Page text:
This past week, Twitter users (and anti-racists in general) were up in arms over tweets sent by Azealia Banks, directed at former One Direction member Zayn Malik.
Originally posting a collage on Instagram that accused Malik of plagiarizing her work, the online interaction quickly disintegrated into bigotry. Some of Banks’ now-deleted tweets include “your mother is a dirty refugee who won’t be granted asylum” and calling Malik a “curry-scented b----.”
Banks’ Twitter account was suspended following the tweets. Of course, days later, Banks apologized, claiming that “Employing racial/sexual slurs/stereotypes in attempts to make fun of or degrade another person or group is not fair or fun for anyone.” But Banks’ history has shown that her bigotry knows no bounds, and I have no doubt that this isn’t the last we’ll hear this type of commentary from her.
In my experience, people who generally invoke slurs usually never stop doing so, even when confronted. And her bigotry hasn’t been limited to racial slurs: She once tweeted that Sarah Palin should be gang raped and that the video should be uploaded to the Internet. Banks also suggested that all of Bill Cosby’s alleged victims were “crying wolf,” and threatened Kreayshawn that she would “sit on [her] face.” She has also regularly encouraged folks she doesn’t care for, like Perez Hilton and Iggy Azalea, to kill themselves.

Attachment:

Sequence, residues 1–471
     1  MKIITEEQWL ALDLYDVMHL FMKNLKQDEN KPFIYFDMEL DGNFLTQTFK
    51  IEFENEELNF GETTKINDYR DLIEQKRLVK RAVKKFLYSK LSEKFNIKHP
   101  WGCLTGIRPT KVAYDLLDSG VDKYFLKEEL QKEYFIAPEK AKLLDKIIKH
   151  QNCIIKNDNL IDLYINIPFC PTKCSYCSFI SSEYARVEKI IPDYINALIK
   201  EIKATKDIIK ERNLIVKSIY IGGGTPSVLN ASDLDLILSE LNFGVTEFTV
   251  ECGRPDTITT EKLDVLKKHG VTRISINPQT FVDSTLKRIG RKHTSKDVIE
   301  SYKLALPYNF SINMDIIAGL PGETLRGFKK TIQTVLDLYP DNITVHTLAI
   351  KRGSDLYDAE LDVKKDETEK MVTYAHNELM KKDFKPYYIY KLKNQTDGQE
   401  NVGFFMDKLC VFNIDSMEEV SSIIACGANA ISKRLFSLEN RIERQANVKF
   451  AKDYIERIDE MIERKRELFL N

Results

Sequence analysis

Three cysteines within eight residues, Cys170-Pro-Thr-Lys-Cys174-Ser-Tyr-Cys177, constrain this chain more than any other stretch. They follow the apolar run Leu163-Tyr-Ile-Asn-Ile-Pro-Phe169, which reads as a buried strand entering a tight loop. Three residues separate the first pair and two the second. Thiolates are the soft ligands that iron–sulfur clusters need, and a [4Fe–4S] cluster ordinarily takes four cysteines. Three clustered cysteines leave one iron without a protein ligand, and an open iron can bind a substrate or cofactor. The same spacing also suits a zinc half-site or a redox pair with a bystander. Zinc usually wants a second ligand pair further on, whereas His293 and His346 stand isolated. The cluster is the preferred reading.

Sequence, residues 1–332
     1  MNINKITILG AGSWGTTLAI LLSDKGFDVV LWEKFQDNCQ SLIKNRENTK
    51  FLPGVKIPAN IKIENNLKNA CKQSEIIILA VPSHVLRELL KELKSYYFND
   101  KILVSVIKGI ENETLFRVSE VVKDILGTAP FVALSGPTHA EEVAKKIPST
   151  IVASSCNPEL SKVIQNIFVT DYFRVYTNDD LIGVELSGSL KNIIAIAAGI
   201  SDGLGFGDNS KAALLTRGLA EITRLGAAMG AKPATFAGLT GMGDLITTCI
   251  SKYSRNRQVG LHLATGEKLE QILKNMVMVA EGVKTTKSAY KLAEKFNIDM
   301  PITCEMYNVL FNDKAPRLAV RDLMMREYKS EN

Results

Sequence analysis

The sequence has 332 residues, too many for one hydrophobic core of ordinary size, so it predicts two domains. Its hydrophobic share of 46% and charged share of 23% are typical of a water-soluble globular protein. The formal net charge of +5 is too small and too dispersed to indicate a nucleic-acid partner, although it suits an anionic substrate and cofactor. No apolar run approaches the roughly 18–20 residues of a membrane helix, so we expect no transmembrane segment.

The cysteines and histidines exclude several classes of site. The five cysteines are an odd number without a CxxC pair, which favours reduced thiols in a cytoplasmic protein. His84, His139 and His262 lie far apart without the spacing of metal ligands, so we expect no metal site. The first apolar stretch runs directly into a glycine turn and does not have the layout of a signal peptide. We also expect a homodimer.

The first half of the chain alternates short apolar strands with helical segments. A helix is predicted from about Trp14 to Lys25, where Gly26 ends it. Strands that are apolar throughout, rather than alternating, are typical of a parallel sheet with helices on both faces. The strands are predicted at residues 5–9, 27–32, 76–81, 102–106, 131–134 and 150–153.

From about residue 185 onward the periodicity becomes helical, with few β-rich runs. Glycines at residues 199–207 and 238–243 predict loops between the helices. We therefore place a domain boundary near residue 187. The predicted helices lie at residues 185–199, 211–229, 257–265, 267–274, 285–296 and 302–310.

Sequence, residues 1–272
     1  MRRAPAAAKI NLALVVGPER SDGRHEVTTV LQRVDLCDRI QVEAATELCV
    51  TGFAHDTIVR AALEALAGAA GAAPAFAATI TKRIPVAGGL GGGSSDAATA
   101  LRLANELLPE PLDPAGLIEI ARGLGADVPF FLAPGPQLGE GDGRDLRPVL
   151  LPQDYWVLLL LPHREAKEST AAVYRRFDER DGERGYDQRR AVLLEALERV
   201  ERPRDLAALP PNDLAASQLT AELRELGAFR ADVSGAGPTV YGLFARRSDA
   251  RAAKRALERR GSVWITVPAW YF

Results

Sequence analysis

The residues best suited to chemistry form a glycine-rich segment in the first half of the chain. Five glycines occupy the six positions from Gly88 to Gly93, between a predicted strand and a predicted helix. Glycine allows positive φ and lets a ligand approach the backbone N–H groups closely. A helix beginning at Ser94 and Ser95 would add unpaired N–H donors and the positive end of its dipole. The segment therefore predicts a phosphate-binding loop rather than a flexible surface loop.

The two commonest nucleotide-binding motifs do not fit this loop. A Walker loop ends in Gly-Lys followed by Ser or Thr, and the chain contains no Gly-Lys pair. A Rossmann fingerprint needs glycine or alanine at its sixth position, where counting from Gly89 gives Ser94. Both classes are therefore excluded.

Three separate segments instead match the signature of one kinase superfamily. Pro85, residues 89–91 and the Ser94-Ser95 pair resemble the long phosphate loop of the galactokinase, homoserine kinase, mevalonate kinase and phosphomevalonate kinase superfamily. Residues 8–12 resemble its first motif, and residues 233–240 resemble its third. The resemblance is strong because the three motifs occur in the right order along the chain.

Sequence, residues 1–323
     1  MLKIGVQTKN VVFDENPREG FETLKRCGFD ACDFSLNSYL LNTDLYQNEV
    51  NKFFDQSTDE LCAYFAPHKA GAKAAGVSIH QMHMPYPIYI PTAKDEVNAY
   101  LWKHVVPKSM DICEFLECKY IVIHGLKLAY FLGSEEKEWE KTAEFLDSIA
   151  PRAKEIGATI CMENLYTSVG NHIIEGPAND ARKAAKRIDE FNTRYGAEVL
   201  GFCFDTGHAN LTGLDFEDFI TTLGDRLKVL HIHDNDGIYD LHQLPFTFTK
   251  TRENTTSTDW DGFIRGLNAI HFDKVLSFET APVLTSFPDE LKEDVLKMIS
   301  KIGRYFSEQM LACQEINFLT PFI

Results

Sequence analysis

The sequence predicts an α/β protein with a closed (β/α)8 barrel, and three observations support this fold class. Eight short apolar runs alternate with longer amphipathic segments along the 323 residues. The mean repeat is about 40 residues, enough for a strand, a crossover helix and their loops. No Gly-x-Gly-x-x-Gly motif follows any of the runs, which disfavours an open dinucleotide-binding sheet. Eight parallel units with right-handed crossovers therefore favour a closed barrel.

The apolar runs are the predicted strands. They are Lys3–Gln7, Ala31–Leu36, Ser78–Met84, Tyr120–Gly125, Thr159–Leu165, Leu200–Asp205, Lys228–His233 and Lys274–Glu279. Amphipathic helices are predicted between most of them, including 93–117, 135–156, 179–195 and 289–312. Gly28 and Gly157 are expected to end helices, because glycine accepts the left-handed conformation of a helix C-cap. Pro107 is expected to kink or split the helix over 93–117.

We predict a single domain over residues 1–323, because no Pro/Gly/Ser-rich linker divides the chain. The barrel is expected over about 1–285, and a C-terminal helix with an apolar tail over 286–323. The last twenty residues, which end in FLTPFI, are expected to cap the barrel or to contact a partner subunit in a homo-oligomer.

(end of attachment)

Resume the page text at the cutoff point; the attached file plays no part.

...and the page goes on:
Banks’ invocation of the kind of language her white, cismale counterparts use against women and people of color on the Internet every day seems to suggest a deep internalization of misogyny and racism. I have no doubt that Banks knows exactly how it feels to have this kind of offense directed at her, but her unwillingness to discontinue the behavior has been proven.
It’s fantastic that Twitter stepped in, but their intervention brings to light a double standard in Twitter censorship. Many users have expressed disdain at the company’s refusal to also suspend the accounts of trolls who regularly attack women and people of color online. Did Banks wholeheartedly deserve to have her account suspended? Yes. Are there others who have avoided the same treatment who also wholeheartedly deserve it? Absolutely.
Reach Opinion Editor Haylee Millikan at firstname.lastname@example.org. Twitter: @hayleemaid